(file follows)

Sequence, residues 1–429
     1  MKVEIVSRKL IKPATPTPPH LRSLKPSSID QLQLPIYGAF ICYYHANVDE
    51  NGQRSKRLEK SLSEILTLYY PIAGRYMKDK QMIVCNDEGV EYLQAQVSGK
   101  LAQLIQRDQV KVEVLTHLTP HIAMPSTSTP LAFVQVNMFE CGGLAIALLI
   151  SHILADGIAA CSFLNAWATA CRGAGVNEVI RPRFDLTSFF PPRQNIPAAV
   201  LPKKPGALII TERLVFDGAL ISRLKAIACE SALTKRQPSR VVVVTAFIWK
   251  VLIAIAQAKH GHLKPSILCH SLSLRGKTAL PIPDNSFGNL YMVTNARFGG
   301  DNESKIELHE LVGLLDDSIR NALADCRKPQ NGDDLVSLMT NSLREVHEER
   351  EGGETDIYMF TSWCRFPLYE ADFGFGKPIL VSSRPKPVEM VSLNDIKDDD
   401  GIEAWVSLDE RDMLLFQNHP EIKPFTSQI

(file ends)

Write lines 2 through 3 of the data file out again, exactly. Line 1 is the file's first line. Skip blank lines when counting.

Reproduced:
     1  MKVEIVSRKL IKPATPTPPH LRSLKPSSID QLQLPIYGAF ICYYHANVDE
    51  NGQRSKRLEK SLSEILTLYY PIAGRYMKDK QMIVCNDEGV EYLQAQVSGK